Principles of Surgical Positioning

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Chapter 4 Principles of Surgical Positioning

Surgical positioning is one of the first obligatory steps in adequate surgical planning. Proper patient positioning is a critical part of every operation: it allows the surgeon the ability to comfortably gain access to the surgical site while avoiding potential complications. Positioning is particularly important in neurosurgery because procedures are often lengthy and many different trajectories can be used to access a single lesion. Neurosurgical positioning can vary greatly depending on the indication for surgery, the patient’s body habitus, and the surgeon’s preference. Several general principles of patient positioning must be understood in order to avoid potentially devastating complications. In this chapter the main neurosurgical positions, potential complications related to each position, and important considerations to decrease morbidity associated with each position are discussed in detail.

General Principles of Patient Positioning

Positioning the neurosurgical patient is a critical part of the procedure, perhaps more so than in any other surgical subspecialty. Appropriate patient positioning is not only important for the safety of the patient, but it also plays a key role in optimizing surgical exposure, ensuring adequate and safe anesthesia, and allowing the surgeon to comfortably operate during long procedures.

A thorough preoperative assessment by the anesthesia and nursing staff is necessary, as is a general understanding of the indications, advantages, disadvantages, and potential complications that may arise from commonly utilized neurosurgical patient positions. The final position of the patient should be conveyed to the entire team as early as possible by the surgeon so that appropriate equipment is readily available and to ensure optimal selection and placement of the endotracheal tube, intravenous and arterial lines, noninvasive equipment, and monitors.14

Typically, patient positioning occurs subsequent to the induction of general anesthesia, intubation, acquisition of vascular access, and bladder catheterization. Neurophysiological monitoring leads are placed at various stages throughout the perioperative period. Unlike other surgical subspecialties, the planar rotation of the operative table varies depending on the planned surgical approach. The table can be neutral, turned 90 degrees, or often positioned at 180 degrees to allow adequate space and optimal placement of equipment required during complex neurosurgical procedures. This equipment may include the operating microscope, image guidance equipment, C-arm, endoscope tower, headlight sources, and occasionally intraoperative magnetic resonance imaging (MRI) or computed tomography (CT).1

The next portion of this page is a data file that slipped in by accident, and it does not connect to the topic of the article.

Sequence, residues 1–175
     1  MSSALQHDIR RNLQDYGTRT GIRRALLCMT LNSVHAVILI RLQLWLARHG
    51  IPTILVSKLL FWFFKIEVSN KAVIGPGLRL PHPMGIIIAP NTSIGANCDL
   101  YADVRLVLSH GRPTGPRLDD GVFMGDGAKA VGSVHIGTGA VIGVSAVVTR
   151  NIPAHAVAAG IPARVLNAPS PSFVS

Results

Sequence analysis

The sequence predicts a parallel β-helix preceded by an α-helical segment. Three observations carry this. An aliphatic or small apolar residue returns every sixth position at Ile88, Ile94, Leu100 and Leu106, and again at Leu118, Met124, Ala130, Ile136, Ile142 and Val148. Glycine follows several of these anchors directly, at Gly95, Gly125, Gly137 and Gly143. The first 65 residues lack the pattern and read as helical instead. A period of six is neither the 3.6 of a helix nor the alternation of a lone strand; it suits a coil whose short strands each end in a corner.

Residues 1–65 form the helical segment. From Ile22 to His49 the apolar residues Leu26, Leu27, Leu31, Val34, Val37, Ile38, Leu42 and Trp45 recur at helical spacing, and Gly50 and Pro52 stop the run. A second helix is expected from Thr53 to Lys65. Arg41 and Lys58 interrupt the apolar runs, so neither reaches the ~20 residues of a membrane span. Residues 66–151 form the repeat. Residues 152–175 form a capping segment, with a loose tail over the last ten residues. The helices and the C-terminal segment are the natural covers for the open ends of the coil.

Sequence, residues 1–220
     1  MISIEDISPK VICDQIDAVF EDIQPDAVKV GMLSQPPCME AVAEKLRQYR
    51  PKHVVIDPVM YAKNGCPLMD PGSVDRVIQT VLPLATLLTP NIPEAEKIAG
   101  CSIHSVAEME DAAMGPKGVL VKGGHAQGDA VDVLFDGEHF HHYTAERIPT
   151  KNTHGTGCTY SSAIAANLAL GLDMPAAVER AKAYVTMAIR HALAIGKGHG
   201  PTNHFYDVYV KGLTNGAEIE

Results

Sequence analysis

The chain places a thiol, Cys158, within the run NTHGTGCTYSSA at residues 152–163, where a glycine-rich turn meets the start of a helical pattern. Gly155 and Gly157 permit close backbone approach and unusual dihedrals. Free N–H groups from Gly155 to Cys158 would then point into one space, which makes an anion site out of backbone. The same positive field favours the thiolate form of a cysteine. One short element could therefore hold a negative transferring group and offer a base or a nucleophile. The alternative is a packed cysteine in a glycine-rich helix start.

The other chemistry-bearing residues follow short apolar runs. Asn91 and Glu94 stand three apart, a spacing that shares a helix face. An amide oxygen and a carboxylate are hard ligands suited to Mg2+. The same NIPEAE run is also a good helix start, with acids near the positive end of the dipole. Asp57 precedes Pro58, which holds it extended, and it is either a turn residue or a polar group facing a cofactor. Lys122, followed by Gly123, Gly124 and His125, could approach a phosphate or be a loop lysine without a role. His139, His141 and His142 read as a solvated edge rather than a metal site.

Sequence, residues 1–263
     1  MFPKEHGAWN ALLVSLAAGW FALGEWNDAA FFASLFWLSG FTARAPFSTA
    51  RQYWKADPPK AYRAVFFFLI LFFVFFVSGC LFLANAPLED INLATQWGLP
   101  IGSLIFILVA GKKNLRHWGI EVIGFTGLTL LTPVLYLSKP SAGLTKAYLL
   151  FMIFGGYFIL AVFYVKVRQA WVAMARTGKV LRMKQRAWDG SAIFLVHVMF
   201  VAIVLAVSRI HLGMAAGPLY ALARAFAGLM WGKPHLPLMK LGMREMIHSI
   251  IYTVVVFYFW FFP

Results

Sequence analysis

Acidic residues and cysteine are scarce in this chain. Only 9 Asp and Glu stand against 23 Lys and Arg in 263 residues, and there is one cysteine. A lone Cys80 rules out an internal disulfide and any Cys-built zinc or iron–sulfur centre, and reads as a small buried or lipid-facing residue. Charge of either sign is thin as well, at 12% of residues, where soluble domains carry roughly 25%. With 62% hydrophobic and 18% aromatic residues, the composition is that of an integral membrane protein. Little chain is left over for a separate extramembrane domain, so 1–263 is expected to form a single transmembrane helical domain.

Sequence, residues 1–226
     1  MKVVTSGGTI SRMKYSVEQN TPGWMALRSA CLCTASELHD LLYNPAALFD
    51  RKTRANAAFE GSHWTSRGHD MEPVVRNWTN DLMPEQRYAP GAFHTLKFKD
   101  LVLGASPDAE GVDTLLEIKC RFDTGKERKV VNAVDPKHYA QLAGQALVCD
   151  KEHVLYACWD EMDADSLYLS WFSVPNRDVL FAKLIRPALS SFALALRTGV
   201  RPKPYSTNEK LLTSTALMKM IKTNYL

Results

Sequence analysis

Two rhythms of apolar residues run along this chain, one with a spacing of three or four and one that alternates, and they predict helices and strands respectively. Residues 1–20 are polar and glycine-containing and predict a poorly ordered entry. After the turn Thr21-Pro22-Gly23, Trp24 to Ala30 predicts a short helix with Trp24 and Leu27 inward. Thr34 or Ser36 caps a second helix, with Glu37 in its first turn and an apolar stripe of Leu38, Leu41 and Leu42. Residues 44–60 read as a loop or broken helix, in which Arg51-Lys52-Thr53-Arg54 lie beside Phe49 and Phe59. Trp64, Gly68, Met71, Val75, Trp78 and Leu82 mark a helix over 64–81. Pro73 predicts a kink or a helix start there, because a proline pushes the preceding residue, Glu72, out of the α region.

During table rotation and patient positioning, it is often necessary to disconnect the ventilator and monitors temporarily. All members of the team should pay special attention to the duration of this period in order to avoid hypoxic insult to the patient. Eye protection with lubrication and tape provides a barrier that prevents corneal abrasion and introduction of caustic material into the eyes during positioning, intubation, and patient preparation and draping.2

Principles of padding, taping, and positioning of the patient’s extremities are based on the Summary of Task Force Consensus on the Prevention of Perioperative Peripheral Neuropathies Relevant to Positioning for Neurosurgery (Box 4.1).5 In general, maintaining the patient’s arms and legs in an anatomically neutral and relaxed position with soft protective barriers over areas with associated bony prominences helps prevent neurovascular compression, muscle damage, and cutaneous pressure injuries. A combination of gel pads, foam cushions, pillows, and padded arm rests are used for these purposes. For thoracoabdominal and pelvic protection and positioning, large gel rolls or specially designed frames and operative tables provide padding while simultaneously allowing relaxation of this region, aiding in both ventilation and venous return (Fig. 4.1). Such devices include but are not limited to the Wilson frame, Relton-Hall frame, Andrews frame, and Jackson table and frame.3,4,5